The United States Centers for Disease Control and Prevention (CDC) says that half of retail delis it surveyed failed to follow government guidelines for cleaning mechanical slicers.
They are a major source of Listeria cross-contamination and illness.
Meat slicers that had not been thoroughly cleaned and sanitized were found responsible for the Listeria-caused death of 22 people who ate meat from the Maple Leaf plant on Barton Road in Toronto in 2008.
The CDC picked 298 delis at random and found they were less frequently completely disassembled, cleaned and sanitized than the minimum of four hours specified in U.S. Food and Drug Administration food codes.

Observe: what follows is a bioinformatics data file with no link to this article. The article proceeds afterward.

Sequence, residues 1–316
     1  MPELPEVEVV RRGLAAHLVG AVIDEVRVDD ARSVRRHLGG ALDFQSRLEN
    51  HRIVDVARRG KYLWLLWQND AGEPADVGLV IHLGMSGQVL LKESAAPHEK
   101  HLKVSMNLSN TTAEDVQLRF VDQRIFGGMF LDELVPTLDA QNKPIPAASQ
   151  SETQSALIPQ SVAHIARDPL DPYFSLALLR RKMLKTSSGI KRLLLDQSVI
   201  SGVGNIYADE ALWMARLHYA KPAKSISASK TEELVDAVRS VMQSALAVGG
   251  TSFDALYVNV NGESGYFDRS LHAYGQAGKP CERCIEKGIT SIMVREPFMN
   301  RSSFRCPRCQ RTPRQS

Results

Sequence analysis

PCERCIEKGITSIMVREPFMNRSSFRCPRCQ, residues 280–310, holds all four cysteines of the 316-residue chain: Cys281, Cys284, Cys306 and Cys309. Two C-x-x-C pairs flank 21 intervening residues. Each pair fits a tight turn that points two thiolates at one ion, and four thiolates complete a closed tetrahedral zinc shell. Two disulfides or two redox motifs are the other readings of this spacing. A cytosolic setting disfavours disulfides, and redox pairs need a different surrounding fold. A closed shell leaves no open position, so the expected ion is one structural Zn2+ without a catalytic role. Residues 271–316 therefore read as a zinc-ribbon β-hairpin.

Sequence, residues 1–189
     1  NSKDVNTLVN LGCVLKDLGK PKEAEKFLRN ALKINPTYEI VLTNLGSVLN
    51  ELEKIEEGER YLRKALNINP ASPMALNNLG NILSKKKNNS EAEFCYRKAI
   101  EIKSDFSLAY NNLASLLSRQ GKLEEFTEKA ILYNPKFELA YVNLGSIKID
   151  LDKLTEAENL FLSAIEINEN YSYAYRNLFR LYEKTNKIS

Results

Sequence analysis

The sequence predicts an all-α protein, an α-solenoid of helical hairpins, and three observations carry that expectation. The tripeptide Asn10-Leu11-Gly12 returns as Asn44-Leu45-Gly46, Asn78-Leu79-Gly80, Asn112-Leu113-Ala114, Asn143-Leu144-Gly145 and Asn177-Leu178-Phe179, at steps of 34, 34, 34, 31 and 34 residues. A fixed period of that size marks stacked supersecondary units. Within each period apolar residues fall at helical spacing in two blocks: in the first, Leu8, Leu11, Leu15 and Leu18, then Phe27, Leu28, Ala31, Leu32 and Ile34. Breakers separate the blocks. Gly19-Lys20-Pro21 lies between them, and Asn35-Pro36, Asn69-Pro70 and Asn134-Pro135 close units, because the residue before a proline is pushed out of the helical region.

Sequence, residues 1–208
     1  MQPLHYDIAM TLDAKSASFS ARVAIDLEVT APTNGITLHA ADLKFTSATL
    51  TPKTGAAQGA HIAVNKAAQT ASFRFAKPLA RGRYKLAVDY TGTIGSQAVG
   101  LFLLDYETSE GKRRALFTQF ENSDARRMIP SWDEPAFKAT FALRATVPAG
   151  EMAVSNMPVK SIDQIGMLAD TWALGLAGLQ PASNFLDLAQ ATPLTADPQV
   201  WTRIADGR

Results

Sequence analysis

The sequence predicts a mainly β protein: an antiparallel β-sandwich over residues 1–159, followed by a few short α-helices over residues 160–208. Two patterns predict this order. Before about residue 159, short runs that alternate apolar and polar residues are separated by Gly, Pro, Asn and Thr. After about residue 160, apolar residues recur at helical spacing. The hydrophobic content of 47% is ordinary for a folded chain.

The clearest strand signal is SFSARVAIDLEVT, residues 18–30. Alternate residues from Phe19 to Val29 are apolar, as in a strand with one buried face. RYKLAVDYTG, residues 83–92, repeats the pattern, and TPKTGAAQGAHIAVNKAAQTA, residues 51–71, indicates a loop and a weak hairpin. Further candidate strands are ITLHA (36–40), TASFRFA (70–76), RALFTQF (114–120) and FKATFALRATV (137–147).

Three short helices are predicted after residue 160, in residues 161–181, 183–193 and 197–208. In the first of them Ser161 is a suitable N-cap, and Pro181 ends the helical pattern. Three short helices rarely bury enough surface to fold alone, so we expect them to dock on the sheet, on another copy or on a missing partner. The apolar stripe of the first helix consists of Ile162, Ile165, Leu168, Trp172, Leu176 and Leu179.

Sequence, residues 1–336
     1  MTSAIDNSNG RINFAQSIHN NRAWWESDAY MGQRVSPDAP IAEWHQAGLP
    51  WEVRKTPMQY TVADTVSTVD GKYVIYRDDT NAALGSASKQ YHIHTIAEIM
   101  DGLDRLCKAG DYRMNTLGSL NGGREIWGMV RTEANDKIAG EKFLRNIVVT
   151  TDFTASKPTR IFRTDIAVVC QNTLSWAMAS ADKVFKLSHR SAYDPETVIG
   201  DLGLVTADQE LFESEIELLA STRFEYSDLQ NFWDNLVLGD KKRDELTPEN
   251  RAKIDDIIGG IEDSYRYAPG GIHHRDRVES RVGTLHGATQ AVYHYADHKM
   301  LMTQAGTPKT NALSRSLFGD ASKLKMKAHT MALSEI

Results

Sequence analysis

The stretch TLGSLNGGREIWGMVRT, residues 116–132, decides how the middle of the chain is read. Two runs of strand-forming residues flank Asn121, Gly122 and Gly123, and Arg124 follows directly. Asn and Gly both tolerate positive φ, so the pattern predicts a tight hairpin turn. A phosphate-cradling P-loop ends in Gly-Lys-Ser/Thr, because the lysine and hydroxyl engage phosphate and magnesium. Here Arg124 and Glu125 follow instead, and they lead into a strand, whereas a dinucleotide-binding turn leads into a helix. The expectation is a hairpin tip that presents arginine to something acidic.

Slicers were fully cleaned more frequently in chain delis and in those that had more customers and slicers and required food safety training and written slicer cleaning policies.
The CDC recommended states and localities require deli manager training and certification and encourage written slicer cleaning policies.
Efforts should focus on smaller and independent delis that show lower frequencies of slicer cleaning, CDC said.